What is a Workflow Sprint?

Please consider reading the first article in this series - https://coko.foundation/blog/understanding-workflow-first-design.html).

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A Workflow Sprint is a fast and efficient methodology for helping organizations understand and optimize their publishing workflows before making technology choices.

I designed the methodology after witnessing many publishers making these common mistakes:

  1. Investing in slow and costly ‘requirements research’
  2. Looking at the problem exclusively through a ‘technology lens’

Understanding and optimizing workflow need not be a slow or expensive process. Too often, these processes are lengthy research projects that interview individual team members and produce immense amounts of narrative and flow diagrams. Such outputs are seldom clarifying. On the other hand, Workflow Sprints produce crisp clarity in a process that can be counted in days, not months or years.

A Workflow Sprint first investigates and describes the current workflow and then produces an optimized workflow. From these outputs, your organization will be in a good position to consider technology choices.

Principles of Workflow Sprints

Workflow Sprints are a series of facilitated sessions that can occur remotely or in real space. There are some fundamental principles of Workflow Sprints:

Principle 1: Operational Stakeholders are best placed to describe and optimize workflow
The best people for describing an existing (or speculative) workflow and optimizing that workflow are the people actually doing the work now - your team (operational stakeholders - more on this below).

Principle 2: Group discussion simultaneously expedites the process and adds clarity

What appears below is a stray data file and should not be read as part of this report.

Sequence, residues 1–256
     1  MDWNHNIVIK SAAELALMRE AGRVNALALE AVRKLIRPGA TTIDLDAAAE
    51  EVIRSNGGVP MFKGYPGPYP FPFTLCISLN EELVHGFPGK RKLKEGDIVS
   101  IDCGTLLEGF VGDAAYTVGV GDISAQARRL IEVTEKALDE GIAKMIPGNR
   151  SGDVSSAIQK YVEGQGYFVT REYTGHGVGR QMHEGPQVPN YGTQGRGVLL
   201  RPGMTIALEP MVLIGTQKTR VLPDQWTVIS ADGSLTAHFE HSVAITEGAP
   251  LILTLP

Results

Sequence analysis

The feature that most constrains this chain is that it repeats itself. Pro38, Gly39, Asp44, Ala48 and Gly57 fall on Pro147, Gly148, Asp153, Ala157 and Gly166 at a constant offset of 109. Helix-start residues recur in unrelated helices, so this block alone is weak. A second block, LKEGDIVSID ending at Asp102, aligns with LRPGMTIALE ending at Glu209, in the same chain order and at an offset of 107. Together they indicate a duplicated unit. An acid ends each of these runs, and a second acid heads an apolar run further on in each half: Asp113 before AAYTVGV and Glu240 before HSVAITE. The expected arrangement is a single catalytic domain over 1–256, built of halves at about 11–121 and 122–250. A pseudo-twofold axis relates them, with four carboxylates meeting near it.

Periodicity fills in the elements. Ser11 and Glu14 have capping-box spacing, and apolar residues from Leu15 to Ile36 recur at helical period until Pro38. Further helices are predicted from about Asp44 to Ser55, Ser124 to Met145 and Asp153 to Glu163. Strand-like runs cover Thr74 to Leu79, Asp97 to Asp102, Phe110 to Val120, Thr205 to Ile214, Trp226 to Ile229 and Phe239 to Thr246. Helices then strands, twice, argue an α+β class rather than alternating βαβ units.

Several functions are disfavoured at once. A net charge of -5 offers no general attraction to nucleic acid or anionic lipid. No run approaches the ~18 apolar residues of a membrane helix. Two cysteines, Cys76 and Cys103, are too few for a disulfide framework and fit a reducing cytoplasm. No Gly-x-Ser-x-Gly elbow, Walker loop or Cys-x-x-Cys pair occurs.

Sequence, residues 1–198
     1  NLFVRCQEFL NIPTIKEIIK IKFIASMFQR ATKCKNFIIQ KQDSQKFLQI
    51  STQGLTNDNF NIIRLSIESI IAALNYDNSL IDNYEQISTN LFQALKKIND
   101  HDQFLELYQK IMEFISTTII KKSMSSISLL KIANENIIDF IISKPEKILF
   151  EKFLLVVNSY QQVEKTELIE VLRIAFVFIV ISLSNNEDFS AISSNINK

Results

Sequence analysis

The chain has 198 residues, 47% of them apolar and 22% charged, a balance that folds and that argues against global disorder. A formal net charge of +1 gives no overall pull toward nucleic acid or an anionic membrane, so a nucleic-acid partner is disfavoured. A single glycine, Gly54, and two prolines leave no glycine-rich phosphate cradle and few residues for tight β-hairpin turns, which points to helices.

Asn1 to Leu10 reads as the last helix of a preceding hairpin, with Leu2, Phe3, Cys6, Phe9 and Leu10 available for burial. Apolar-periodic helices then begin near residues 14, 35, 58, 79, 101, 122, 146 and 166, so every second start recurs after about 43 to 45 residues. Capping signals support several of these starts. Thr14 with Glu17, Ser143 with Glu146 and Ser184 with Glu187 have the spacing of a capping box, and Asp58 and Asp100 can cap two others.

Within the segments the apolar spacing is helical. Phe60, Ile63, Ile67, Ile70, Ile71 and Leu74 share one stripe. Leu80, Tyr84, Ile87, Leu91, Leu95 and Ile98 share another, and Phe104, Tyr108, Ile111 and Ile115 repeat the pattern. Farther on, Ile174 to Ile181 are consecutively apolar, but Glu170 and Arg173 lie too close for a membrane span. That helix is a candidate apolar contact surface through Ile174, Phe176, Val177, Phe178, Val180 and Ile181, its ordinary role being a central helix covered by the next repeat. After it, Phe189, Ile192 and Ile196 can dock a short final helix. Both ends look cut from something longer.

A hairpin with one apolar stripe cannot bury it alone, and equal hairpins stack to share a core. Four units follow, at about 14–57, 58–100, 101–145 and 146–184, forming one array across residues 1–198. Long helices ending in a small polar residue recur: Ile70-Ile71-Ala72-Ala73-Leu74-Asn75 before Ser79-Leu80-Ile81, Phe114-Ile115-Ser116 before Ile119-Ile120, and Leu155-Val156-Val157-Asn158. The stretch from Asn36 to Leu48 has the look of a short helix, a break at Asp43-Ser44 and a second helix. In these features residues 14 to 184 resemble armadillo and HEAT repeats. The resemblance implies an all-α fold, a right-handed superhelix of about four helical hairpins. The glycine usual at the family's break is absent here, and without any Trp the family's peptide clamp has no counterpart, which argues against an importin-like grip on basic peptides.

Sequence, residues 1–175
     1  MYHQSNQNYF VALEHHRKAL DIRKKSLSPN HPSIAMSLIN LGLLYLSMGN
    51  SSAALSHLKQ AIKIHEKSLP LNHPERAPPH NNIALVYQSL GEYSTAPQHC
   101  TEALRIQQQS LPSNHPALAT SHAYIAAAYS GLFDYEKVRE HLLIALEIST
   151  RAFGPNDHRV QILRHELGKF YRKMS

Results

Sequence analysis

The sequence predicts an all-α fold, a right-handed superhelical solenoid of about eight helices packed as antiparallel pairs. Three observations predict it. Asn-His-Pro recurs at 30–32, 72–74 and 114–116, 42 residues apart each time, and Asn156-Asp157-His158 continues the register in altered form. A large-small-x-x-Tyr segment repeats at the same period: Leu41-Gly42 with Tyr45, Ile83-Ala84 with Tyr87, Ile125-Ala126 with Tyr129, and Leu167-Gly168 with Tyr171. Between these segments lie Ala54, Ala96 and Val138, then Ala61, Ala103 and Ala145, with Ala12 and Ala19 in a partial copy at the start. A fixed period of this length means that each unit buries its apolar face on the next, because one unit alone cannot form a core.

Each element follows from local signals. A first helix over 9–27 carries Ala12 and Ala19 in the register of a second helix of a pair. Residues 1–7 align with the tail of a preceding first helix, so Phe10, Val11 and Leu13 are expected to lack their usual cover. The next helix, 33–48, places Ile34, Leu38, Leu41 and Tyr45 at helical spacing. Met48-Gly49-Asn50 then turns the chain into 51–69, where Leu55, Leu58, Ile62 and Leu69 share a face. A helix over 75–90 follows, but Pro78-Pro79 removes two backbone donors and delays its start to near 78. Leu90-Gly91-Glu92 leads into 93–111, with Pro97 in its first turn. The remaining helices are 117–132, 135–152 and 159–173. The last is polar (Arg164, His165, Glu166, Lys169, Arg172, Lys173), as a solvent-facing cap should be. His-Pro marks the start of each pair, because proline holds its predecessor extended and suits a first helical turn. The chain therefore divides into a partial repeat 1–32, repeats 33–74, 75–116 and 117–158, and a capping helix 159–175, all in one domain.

Group discussion involving the operational stakeholders is the most effective way to understand and optimize workflow. Having these experts in the same room eliminates guesswork and team members can drill down into an issue together in quick time to tease out the fidelity needed.

Principle 3: Facilitation is key
Experienced facilitation conducted by someone external to your organization is critical for keeping the momentum going and managing any potential and problematic team dynamics.

Principle 4: Keep the documentation light
If the documentation of the workflow is not something decision makers can easily grasp, then you are doing it wrong. For this reason, I have designed Workflow MarkUp (WFMU) to aid in expediting the documentation process while producing clear, human-readable documents.

Now that we have the principles covered let’s take a brief look at what a Workflow Sprint actually looks like.

What does a Workflow Sprint look like?

Photos included are from actual Workflow Sprints.

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A Workflow Sprint is a facilitated, structured conversation between the organization’s primary stakeholders. The stakeholder group should comprise those people that are part of the current workflow (constituting all parts of the workflow) and decision-makers.

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Operational stakeholders are the people who do the work. These are the most important people to have involved because they are the ones that understand what is done, on the floor, at this time. Sometimes, if automation is involved, a trusted technician that knows the limits and possibilities of publishing technology might be useful. No Workflow Sprint can occur without operational stakeholders.

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Strategic stakeholders are the organizations decision makers. The decision-makers may, or may not be part of the process, however, they will certainly utilize the outcomes to guide them in making decisions going forward. It can be a good idea to include strategic stakeholders to build internal buy-in.